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Lower MEAs for GPS pilots a good move

Lower MEAs for GPS pilots a good move

By AOPA ePublishing staff

With the proliferation of IFR-certified GPS receivers, it makes sense to have airspace rules that evolve with the technology.

AOPA has been working with the FAA to publish GPS minimum en route altitudes (MEAs) on Victor airways. Traditionally, MEAs are based on "line of sight" for ground-based navaids, which means that many MEAs are thousands of feet above the terrain they cross. GPS MEAs would increase the amount of usable airspace and allow pilots to fly, in some cases, below bad weather and potential icing.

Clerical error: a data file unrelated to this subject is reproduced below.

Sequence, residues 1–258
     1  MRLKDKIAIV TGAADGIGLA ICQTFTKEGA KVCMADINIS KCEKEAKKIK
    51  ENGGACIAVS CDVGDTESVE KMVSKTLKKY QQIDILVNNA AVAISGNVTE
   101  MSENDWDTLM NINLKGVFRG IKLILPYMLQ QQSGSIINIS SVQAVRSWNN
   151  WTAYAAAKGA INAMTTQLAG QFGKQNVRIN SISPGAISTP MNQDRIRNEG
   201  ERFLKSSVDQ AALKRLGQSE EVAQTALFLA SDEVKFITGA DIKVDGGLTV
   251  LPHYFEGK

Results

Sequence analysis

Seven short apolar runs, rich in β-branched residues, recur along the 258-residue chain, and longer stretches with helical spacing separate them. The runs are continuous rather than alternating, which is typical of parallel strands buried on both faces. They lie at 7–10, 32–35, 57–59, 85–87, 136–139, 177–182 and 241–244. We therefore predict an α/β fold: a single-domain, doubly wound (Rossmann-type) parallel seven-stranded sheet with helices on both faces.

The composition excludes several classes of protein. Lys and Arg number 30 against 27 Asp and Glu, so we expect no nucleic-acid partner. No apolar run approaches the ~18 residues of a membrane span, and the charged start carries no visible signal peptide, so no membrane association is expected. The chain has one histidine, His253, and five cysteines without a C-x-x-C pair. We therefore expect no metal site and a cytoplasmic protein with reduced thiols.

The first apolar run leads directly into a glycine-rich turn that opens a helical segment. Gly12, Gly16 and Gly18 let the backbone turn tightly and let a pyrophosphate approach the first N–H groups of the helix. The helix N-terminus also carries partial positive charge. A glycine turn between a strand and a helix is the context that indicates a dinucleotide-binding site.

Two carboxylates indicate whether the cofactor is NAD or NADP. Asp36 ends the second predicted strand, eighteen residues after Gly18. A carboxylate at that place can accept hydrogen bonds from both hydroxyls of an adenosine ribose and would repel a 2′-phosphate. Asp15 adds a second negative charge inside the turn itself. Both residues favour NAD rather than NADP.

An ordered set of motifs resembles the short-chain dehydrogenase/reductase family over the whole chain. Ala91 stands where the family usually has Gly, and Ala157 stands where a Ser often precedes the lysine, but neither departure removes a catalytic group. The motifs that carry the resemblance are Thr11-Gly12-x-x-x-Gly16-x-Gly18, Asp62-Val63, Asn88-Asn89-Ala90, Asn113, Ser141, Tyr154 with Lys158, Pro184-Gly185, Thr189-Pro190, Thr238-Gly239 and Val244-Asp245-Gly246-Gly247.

The FAA recently published lower GPS MEAs on portions of six Victor routes in the Northeast and has plans for 39 more route segments up and down the East Coast in 2008. AOPA wants to know if members see a need for GPS MEAs on Victor routes that they use. Please send your suggestions to us. We'll share them with the FAA.

December 27, 2007

AOPA ePublishing staff
AOPA ePublishing Staff editors are experienced pilots, flight instructors, and aircraft owners who have a passion for bringing you the latest news and AOPA announcements.

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